5. Never expect cyclists, bike messengers, or pedicabs to adhere to the rules of the road. Or common sense.

6. You can still cross the street even if the electronic hand is flashing red. I promise.

7. You have a 3.6 second opportunity to take a posed photo. I will pause and wait for you for exactly that long. If it takes longer than that, you might discover that an image of a blurry stranger has obscured your shot of the Rockefeller Center Christmas tree.
Side note: Figure out how to use your camera before you leave home.

8. If you have to look at a map, make a phone call, reprimand your child, or pick your nose, move to the side. Don't make your problems my problems. 

9. Don't stop pedestrian traffic with a mid-sidewalk "Where should we eat?" group conversation. I am a 5'2", 105-lb mild-mannered Catholic girl, but if you’re in my way, I will start throwin’ some ‘bows. If I were foolishly holding you up from getting to your audition/yoga class/office, I would fully expect you to do the same unto me.

10. As for umbrella etiquette...don’t get me started. Don’t
even get me started.

Think twice before walking at a snail's pace with one of those giant SUV strollers, simultaneously slowing me down and blocking me from passing you.
Your baby doesn't have anywhere to be.

I do.

Jaywalking. Get into it.

13. Channel the spirit of Johnny Cash, a man who wore almost as much black as the average New Yorker, and walk the line. A straight line. Don't drunkenly weave back and forth, making it impossible for anyone to pass you. I know a number of trannies named Sue who would gladly accept a Folsom Prison sentence for the pleasure of clocking a sidewalk rover.

14. Manhattan drivers are erratic, but standing two feet back from the curb when waiting to cross the street is an overly excessive safety cushion, and it blocks the sidewalk for people trying to cross your path. Stand a little closer to the curb. Or maybe even in the street. You won't get hit. Usually.

15. If you have shopping bags from Century 21, Chinatown, and American Girl Place, keep them tightly by your side. I really don't feel like being bruised by bags containing discount designer merchandise, fake Prada purses, and/or creepy dolls dressed exactly like your children.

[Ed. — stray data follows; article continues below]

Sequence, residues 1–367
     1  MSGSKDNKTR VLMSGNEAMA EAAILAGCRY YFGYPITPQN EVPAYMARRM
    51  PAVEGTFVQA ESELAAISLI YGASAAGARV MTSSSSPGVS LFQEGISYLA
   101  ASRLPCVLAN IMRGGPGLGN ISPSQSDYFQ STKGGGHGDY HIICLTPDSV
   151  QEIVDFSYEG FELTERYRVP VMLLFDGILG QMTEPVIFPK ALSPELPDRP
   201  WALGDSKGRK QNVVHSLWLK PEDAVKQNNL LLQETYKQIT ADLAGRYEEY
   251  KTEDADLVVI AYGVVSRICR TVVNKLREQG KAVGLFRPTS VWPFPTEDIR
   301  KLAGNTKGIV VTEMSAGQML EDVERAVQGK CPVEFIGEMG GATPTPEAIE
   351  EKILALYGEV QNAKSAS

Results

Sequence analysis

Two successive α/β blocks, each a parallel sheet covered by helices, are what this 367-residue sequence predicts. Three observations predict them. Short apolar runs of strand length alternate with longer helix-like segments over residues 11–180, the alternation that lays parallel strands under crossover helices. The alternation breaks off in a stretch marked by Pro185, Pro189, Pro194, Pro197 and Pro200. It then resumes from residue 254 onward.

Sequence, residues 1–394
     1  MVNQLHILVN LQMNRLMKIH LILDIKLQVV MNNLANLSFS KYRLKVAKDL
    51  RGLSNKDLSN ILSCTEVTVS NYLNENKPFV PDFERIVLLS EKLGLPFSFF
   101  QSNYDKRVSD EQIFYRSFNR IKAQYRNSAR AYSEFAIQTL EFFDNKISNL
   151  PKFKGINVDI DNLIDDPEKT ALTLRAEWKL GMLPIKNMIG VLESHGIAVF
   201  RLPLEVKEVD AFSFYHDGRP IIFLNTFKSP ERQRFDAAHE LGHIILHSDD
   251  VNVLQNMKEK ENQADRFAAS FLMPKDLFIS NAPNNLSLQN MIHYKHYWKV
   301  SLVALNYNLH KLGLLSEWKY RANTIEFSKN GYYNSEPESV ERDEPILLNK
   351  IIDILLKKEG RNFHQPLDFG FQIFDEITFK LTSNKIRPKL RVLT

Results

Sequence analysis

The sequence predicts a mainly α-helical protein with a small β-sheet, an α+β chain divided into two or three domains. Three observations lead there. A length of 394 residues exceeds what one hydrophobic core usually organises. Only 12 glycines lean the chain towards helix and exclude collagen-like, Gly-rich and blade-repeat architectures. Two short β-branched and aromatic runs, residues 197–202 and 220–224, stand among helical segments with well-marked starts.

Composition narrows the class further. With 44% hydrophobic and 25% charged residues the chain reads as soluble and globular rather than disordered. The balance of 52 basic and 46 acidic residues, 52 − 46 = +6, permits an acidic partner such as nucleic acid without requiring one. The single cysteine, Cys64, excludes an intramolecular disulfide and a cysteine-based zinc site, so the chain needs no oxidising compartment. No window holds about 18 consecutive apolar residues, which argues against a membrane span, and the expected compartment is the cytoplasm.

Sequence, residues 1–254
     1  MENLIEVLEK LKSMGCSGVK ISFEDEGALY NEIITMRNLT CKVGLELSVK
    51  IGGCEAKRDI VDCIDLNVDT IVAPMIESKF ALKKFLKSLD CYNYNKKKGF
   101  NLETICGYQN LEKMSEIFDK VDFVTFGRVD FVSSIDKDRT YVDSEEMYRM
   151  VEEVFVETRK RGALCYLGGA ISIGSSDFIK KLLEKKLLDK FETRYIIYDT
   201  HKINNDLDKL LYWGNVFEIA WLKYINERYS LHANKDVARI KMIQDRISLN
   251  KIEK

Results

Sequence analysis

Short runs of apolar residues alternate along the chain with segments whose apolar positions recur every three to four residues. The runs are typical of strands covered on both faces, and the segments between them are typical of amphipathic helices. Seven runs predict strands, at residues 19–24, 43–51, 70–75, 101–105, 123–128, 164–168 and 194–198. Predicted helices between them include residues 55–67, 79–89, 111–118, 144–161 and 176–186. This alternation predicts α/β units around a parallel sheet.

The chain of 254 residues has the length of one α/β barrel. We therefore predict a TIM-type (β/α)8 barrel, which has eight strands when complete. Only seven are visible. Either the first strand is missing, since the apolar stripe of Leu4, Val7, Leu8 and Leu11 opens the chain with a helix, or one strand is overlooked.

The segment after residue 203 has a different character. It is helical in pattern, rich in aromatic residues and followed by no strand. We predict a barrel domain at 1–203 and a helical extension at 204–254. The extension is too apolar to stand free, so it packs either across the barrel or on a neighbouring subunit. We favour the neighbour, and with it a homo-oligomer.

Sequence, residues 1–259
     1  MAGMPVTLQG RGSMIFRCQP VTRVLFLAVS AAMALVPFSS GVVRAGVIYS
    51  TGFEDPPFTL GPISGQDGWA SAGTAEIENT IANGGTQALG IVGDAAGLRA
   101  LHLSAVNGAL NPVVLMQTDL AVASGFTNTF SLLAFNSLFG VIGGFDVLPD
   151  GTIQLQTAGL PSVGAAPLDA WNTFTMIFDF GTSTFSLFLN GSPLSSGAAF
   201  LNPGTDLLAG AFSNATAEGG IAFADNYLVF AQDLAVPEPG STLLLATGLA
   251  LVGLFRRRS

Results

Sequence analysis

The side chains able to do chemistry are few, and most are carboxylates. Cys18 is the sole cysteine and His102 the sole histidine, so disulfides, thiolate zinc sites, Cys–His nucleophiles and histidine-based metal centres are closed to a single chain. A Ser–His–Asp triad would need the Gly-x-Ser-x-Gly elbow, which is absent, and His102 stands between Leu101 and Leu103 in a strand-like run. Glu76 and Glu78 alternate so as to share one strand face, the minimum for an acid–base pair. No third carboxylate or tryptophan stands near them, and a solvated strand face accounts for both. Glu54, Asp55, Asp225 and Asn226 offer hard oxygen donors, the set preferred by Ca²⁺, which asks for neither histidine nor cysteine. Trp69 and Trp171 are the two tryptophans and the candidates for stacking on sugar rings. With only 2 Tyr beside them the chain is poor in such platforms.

And the simplest but most important (drum roll, please!)...

Walk on the
right side of the sidewalk! The right! Exactly the same way you drive and skate around a roller rink! The right!!!


Again, tourists, please don't be mad. I'm trying to help you. I love you. I need you. Your hard-earned cash pays for tickets to the show that employs me. I understand your cluelessness, and I want to clue you in. Plus, I am one of you...or I was. Just like Eva Peron and her descamisados. In closing, tourists, my message is this: When in Rome, do as the New Yorkers do. Treat the sidewalk as you would a highway—maintain a steady pace with the traffic, keep to the right, and stay in your own lane. 

...And if your to-go bag of leftover soup, salad, and breadsticks from the Olive Garden smacks me in the shin one more time, you and I may find ourselves in a road rage-induced fender bender.


P.S. When I visited NYC for the first time in March of 1999, a friend took this completely embarrassing picture of me high kicking in front of Radio City. At the time, I thought it was the coolest. Now that I’ve lived in Manhattan for nine years and actually work at Radio City, I am slightly appalled that I ever blocked the sidewalk and halted pedestrian traffic by doing such a thing. You see, we all make mistakes.

Sunday, November 7, 2010

Button Up Your Overcoat